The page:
Unpacking summer 2021’s top travel trends

Long weekends, family reunions, and vacation re-dos reign supreme this season.

Published May 2021


We’re anticipating a busier-than-ever summer travel season, with many of our top vacation destinations seeing double the reservations for June, July, and August compared to what was booked at this time (pre-pandemic) in 2019. But, in general, how eager are people to hit the road—or get on a plane—during the second summer of the pandemic? Who are they longing to get away with, and why?

Vacasa teamed up with Allison + Partners to survey* 1,000+ Americans over the age of 18 to get a temperature check on the readiness for summer travel in 2021 and which destinations or events people are most likely to make the journey for.

Whether people are packing their bags at the prospect of reuniting with family—or sneaking in a kids-free vacay—the reality is that vacations are going to look different well beyond summer: 57% said the pandemic has forever changed the way they’ll travel. But change can be good when it reminds us what we value most about vacation, right? Oftentimes, it’s the people and time spent together, just as much as the place.

Without further delay, let’s take a tour of how summer travel in 2021 is shaping up.

The travel forecast is sunny, thanks in large part to vaccines

  • 59% of Americans are planning a summer vacation and, within that group, 61% said this will be their first time traveling since the pandemic hit—a dip from the 71% who reported being first-time travelers in the spring.
  • Of those traveling, most (34%) will be spending a long weekend, or three to four days, away from home, followed closely by 32% planning a five- to seven-day getaway.
  • The availability of the COVID-19 vaccine (44%) and the feeling of being cooped up at home for too long (40%) are the top reasons why people are choosing to travel for the first time this summer.
  • But age does make a difference: 66% of Boomers (age 57–75) say that they’ll be traveling for the first time this summer because of the availability of the COVID-19 vaccine, compared to just 16% of Gen Z (age 18–24) who cite the vaccine as their reason why.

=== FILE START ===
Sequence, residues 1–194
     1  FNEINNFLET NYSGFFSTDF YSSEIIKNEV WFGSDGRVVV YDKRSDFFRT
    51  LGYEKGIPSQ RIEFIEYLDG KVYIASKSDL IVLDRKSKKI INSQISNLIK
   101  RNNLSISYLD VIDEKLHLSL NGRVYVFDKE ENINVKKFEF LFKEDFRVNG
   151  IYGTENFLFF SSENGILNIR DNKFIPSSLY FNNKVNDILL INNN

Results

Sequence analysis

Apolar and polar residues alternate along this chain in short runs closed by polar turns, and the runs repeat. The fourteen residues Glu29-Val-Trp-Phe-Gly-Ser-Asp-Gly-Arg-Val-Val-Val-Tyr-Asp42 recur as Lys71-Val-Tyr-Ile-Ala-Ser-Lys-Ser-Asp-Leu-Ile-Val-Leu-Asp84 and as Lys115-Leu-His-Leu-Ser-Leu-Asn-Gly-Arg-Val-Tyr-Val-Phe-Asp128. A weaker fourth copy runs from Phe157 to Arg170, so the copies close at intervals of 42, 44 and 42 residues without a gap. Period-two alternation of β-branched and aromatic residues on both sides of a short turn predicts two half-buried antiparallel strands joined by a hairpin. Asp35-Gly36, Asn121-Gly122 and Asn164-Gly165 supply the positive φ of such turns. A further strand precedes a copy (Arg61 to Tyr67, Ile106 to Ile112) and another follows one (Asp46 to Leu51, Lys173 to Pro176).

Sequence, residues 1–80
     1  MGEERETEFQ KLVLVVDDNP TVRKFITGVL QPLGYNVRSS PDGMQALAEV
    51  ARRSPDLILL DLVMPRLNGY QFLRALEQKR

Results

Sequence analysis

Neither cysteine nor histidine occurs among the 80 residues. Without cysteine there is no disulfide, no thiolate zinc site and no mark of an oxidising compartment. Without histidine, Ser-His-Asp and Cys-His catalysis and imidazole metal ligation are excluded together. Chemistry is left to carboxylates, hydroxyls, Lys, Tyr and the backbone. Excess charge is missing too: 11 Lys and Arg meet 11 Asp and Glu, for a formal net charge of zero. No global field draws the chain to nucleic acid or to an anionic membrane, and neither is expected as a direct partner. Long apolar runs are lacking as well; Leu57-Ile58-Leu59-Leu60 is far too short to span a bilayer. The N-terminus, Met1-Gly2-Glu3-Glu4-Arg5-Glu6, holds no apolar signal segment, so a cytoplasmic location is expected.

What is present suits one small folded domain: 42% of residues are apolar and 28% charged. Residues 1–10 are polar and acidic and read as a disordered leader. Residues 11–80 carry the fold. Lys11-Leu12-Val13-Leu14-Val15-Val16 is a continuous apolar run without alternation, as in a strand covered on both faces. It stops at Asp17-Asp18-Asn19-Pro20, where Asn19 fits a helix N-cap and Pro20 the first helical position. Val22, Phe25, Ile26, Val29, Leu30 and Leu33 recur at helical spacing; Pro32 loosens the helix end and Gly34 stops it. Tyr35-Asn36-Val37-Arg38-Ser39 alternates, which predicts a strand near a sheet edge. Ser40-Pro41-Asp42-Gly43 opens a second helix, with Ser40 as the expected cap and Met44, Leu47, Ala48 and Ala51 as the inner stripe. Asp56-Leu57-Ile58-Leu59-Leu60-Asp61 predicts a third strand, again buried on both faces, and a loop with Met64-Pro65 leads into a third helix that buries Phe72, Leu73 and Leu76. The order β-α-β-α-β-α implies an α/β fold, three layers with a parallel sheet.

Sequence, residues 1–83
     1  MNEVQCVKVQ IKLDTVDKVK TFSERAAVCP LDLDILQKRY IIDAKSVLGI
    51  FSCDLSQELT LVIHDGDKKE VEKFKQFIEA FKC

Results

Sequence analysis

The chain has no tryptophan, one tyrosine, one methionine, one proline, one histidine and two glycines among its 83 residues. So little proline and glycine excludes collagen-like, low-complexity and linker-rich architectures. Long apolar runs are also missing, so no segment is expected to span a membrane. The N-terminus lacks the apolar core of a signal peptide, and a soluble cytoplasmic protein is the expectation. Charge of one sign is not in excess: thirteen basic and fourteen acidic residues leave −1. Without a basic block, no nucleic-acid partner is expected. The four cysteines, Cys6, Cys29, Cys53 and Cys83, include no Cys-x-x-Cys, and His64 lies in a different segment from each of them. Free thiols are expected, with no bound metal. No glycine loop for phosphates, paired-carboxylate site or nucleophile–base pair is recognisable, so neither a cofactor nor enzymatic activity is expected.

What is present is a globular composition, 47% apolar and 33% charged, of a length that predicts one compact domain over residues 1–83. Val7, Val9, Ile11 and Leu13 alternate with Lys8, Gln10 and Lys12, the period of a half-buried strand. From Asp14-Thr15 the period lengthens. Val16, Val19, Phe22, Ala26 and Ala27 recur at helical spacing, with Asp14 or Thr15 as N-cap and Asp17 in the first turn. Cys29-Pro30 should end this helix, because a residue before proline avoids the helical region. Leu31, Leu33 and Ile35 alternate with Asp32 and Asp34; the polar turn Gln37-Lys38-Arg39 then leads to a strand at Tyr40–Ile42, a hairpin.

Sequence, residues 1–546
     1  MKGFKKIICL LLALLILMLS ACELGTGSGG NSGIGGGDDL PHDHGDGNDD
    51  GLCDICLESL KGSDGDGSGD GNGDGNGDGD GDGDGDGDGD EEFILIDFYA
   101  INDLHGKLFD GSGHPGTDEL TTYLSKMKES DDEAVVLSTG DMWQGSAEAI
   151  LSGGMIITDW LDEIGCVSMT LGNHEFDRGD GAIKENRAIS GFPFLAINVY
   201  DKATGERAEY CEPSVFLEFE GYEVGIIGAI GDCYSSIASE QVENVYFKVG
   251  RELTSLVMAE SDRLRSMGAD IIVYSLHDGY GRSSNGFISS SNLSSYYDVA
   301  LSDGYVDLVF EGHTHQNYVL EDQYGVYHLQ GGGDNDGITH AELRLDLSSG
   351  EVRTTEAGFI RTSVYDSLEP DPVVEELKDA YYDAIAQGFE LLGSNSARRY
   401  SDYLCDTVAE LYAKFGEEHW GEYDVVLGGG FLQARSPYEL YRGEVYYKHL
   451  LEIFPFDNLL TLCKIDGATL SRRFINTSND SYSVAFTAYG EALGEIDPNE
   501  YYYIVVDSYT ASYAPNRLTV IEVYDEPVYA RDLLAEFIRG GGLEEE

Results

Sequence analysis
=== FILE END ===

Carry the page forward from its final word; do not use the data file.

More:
• Regardless of summer travel plans, 64% of Americans have already gotten, or plan to get, the COVID-19 vaccine before they travel—up from 59% who said the same in our spring survey.

More, though not most, will take to the skies

  • Though 39% of people vacationing this summer have already traveled during the pandemic, nearly a quarter (22%) will be boarding a plane for the first time.
  • Of those who previously traveled during the pandemic, 41% are opting for ground transportation over flying this summer—and that’s particularly true for Boomers, with 60% forgoing air travel.
  • All roads lead to the beach: more than half of all travelers (55%) are planning to spend their summer vacation in the sand, with urban and lake settings being the next most popular settings (26% each). Tip: book early if hotspots like the Florida Panhandle, Charleston, South Carolina, or Washington’s Lake Chelan are on your wish list.

RSVP yes: family reunions, events and vacation do-overs spur travel

  • When asked to select their top two priorities, travelers most often said that the people they’re traveling with (39%) and going to a destination they’re already familiar with (36%) were most important when planning their summer vacation.
  • But don’t doubt the power of social media: more than a quarter (28%) of Gen Zers say finally booking the photo-worthy vacation rental or hotel they’ve had their eye on is most important to them.
  • Family reunions are the most likely group event that will get Americans traveling this summer (32%), followed closely by entertainment-related events (concert, sporting event, etc.) at 30%.
  • Can we get a do over? 37% of travelers are making up for plans that were cancelled last summer by visiting the same destination that they originally intended to visit, or one nearby.

School’s out, and parents need a break

Though parents are no more likely than non-parents to be planning a trip with extended family—and less likely to be planning solo trips or friend getaways—they’re making time to rekindle the romance. That’s right, 45% of parents plan to travel just with their spouse, compared to 30% of non-parents.

*Methodology note: Allison+Partners surveyed 1,001 US consumers over the age of 18. Panel was sourced from Lucid and the survey was hosted in Qualtrics. Fielding took place in April 2021.

Main image courtesy of Fatima Dedrickson.

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